Dare to ride (again)

Met a cyclist at the golf club and started chatting. Margaret, a member of the Uxbridge Loiterers, a social cycling group from West London, was on her regular mid-week ride and was having a ‘puffing’ break.

Invited me to join them next week for a short ride – less than 25 miles at a leisurely pace from 10am to 4pm with stops along the way. Trails are different every week and every season. Usually to farms, villages, lakes and plains.

Sounds tempting, especially when their club ethos is to cycle at the pace of the slower rider, so everyone is able to enjoy the ride. It’s been a long time since I went for a group ride.

Everyone in my old cycling group has gone different ways. We met once a few years ago and challenged each other to ride again but all we did was drink a few more bottles and went home drunk.

I miss those days. I miss the guys who took turns to slow down for me, being the last of the pack while the rest were way ahead in the distant like ants crawling up a hill. My old faithful bike that I took on dirt tracks through plantations and kampongs in sweltering tropical heat was stolen and I’ve never been able to replace it since.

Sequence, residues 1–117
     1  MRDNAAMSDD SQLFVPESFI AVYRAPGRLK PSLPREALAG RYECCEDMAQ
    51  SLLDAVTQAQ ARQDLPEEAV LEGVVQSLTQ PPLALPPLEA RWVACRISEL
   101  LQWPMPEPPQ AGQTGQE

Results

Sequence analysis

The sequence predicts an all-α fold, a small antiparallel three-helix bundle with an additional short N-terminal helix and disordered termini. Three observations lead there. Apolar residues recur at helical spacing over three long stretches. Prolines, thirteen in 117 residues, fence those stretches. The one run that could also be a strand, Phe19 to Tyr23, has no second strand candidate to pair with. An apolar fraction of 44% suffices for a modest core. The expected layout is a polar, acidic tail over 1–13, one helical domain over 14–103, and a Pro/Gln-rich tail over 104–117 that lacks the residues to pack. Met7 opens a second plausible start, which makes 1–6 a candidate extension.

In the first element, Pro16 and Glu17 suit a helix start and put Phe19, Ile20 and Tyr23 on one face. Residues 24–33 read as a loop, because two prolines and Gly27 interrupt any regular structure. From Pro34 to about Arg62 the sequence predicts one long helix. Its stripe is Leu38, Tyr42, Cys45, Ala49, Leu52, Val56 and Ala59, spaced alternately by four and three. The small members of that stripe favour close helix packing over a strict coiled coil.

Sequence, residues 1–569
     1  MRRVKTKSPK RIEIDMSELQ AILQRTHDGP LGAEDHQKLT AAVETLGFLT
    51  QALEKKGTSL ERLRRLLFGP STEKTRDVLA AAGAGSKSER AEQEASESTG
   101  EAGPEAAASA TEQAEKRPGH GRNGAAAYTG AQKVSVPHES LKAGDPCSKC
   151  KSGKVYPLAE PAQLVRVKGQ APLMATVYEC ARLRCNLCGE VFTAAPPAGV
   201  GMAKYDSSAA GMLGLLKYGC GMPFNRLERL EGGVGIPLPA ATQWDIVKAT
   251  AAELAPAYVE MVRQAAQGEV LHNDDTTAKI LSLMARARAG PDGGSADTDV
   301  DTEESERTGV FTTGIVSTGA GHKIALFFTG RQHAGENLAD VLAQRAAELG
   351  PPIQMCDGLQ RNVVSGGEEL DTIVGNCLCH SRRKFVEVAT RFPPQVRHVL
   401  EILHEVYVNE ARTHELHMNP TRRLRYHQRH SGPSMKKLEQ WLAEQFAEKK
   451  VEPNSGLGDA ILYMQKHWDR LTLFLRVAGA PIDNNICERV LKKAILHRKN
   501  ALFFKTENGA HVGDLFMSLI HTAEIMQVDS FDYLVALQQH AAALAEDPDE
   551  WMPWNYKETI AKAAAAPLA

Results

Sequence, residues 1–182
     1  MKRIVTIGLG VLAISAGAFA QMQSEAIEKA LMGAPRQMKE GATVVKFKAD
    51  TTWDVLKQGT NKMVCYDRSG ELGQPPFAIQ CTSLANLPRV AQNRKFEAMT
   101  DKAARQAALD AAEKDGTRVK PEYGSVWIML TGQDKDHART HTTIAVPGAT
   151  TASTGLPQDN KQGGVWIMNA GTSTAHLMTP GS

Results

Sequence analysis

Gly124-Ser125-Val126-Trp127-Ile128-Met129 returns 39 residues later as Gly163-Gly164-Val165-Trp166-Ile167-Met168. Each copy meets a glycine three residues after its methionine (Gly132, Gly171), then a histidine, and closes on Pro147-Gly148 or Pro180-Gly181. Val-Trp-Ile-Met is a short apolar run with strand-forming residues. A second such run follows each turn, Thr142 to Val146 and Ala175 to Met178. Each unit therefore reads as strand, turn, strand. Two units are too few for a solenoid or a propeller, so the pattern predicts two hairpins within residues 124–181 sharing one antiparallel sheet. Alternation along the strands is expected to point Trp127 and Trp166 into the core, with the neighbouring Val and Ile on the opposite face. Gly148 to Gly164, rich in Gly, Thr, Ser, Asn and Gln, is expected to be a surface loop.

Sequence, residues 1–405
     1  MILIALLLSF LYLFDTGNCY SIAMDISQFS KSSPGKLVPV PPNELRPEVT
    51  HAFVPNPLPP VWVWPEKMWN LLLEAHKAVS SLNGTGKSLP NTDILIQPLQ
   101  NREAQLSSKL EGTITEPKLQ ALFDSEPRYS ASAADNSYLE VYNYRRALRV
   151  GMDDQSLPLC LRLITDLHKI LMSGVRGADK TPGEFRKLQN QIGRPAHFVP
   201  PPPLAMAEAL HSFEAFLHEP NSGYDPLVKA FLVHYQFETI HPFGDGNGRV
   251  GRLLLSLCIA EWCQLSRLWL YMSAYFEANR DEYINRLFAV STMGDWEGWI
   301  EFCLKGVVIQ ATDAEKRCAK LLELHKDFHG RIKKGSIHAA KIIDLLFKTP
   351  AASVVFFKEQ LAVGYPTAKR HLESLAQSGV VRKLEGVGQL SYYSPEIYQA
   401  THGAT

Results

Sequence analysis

Every time I meet cyclists or see a bicycle, the old yearning comes back. Perhaps it’s time to ride again. Not like the crazy brain-frying-in-the-sun type of rides but more like what the Uxbridge folks are doing.

Didn’t realize cycling is big here with a national governing body that promotes the sport and protects the rights of all cyclists. There are 1,500 cycling clubs in Britain, each with its own focus from cycle speedways and road racing to family and old guys ride. Just last weekend, much of central London was closed to traffic for the annual cycling event as 50,000 cyclists took part in the 100-mile race. Well, that’s not my kind of thing but I get a good feeling about cycling here.

My next visit here must have cycling on the agenda. Imagine cycling in air-con weather exploring the English countryside, stopping for tea and scones, and resting under a big elm tree overlooking the meadows. Such sweet bliss.

JY

 

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